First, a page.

Sunday, July 31, 2016


The music of Mauritius has traditionally been influenced by the musical styles of other African countries and India, but other Western styles have infiltrated their music as well.  There is also quite a bit of reggae influence. I’m definitely not complaining about that. 

One particular style, however, pretty much dominates Mauritian traditional music: sega (no, not the video game system). Sega music is pretty much only sung in Creole, having its roots from the slave trade brought to the islands. It is largely built on improvisation, and the lyrics talk about life and the struggles of life. It also tends to be very emotionally charged. Sega music is actually played throughout much of the Indian Ocean island countries, each with their own variations. 

There’s also a dance that accompanies sega music. In this dance, the feet stay planted while the rest of the body moves. Sega music is typically seen as dance music because the dance is almost inseparable from the music, but it has also been used for semi-religious ceremonies, like funeral dirges and exorcisms. 

There are a few instruments that are widely heard in sega music as well as in other traditional forms of music. Percussion instruments seem to dominate the accompaniment, and instruments like the ravanne (a type of goat skin drum), the maravanne (a type of rattle), and a type of hand drum called the moutia are often heard in their music. A type of bow called the bobre is also used. Today, however, modern instruments such as keyboards and guitars are often played alongside these much older instruments. 

Another popular style is called seggae, a mix of sega and reggae. A musician known as Kaya is credited to its creation and making this style popular. Kaya often fought for human rights, but he later died in prison in 1999.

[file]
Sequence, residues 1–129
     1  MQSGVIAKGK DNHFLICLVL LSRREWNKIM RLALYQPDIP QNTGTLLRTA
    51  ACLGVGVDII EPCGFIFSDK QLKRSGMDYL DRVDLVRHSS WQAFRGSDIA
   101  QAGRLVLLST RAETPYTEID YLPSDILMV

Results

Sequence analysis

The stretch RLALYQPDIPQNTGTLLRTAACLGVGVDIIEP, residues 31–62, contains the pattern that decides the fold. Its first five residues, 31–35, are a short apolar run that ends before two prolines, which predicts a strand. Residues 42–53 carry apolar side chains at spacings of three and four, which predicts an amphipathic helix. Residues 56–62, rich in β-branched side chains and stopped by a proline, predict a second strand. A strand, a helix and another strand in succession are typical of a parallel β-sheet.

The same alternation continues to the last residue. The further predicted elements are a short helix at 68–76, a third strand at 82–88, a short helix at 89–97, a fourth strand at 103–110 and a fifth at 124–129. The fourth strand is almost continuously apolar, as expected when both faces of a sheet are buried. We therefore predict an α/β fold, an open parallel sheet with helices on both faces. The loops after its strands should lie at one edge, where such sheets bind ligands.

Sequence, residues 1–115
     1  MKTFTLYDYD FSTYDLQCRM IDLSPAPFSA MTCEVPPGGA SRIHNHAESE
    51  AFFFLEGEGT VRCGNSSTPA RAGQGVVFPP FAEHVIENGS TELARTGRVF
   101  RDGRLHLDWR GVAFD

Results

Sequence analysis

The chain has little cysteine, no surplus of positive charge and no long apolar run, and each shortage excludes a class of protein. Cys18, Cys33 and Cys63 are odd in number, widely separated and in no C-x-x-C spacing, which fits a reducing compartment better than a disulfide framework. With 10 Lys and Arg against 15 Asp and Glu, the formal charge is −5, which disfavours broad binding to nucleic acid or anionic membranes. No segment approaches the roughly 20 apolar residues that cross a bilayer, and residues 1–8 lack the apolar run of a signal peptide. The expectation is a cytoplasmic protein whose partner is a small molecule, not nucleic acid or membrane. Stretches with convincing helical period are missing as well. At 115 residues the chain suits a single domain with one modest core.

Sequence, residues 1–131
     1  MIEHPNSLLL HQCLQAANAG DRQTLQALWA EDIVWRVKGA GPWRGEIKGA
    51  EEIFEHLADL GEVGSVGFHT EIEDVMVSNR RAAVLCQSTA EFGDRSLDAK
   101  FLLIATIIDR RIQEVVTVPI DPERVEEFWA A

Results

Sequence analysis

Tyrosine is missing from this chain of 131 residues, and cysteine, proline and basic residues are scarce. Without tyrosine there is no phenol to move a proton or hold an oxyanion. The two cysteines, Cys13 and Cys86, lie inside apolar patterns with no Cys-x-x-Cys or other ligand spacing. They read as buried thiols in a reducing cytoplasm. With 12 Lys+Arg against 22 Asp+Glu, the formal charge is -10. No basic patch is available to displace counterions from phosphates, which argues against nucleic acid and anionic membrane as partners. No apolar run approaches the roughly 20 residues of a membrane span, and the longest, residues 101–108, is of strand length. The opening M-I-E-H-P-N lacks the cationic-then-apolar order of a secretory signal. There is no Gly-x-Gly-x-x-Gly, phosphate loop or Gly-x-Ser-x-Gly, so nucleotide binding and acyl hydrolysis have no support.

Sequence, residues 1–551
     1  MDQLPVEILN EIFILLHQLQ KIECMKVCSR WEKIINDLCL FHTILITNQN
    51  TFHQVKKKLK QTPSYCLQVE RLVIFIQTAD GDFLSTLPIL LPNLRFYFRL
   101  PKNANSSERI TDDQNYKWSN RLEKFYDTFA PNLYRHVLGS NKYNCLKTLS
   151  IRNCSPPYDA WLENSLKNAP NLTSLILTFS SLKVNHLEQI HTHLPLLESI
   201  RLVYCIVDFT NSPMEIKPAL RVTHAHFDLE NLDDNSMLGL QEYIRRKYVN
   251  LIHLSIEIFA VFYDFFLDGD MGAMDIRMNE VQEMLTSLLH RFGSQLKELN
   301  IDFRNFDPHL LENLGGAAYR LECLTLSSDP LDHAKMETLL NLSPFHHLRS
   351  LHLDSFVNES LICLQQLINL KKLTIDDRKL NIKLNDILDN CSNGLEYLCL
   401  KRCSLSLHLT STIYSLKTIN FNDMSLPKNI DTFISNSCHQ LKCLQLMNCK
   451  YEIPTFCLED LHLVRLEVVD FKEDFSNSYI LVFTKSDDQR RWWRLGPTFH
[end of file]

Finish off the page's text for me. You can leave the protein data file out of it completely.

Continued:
There are several other musical styles heard and performed in Mauritius as well. Other genres like zouk, reggae, and soukous are pretty popular among a lot of people. Rock and hip-hop are also growing in popularity, especially among the younger generations. Surprisingly, there are a lot of musicians in this small country. One musician I listened to who performs more traditional styles is Serge Lebrasse. The rhythms were almost syncopated or included triplets; it was kind of hard to tell. (The recordings I listened to was from 1959.) Alain Ramanisum and Désiré François have many of these same elements but uses far more modern instruments. Cassiya and Blakkayo are groups that rely on brass instruments (as do many other bands, I’ve noticed). Although, Blakkayo also has some elements of dancehall and reggae mixed in there as well. ABAIM uses a variety of percussion instruments as the instrumental parts, including several kinds of drums and metallic percussion instruments as well as vocals. Natty Jah incorporates some reggae into his music but also relies on a more traditional sound to his music as well. Zotsa falls into this category, but it sounds like they tend to use a synthesizer, and I’m just not quite a fan of it as I am real instruments. I could be wrong. 

I really liked the music of Zulu. It borrowed from jazz and blues and other traditional styles. I really liked what I heard. The Prophecy is another group who borrows from several styles, like reggae and soul, but what makes them a little different is that they sing in both English and French/Creole. Jah Mike, if you haven’t guessed by the name, also mixes reggae, a little bit of hip-hop, and sega. Don Panik is another reggae artist; he has a few catchy songs. He actually kind of reminds me of Shaggy at times. I wish there were more on Spotify. Otentikk Street Brothers is a reggae group who has quite a bit of melodic vocal lines that add to the drive of the music. I liked what they were doing. Supa Sane crosses over reggae and hip-hop, but probably leans more toward reggae or dancehall. I thought they made some pretty catchy songs.

There are even a few hip-hop artists I came across. Probably the most well known one is Mauritian All Stars who are actually pretty good. Their flows and cadences are nice, and the music underneath is generally pretty catchy. And they mix it up. I hate when I listen to rappers who have 12 songs on an album that all sound the same. So, at least they don’t fall into that category.

Up next: the food

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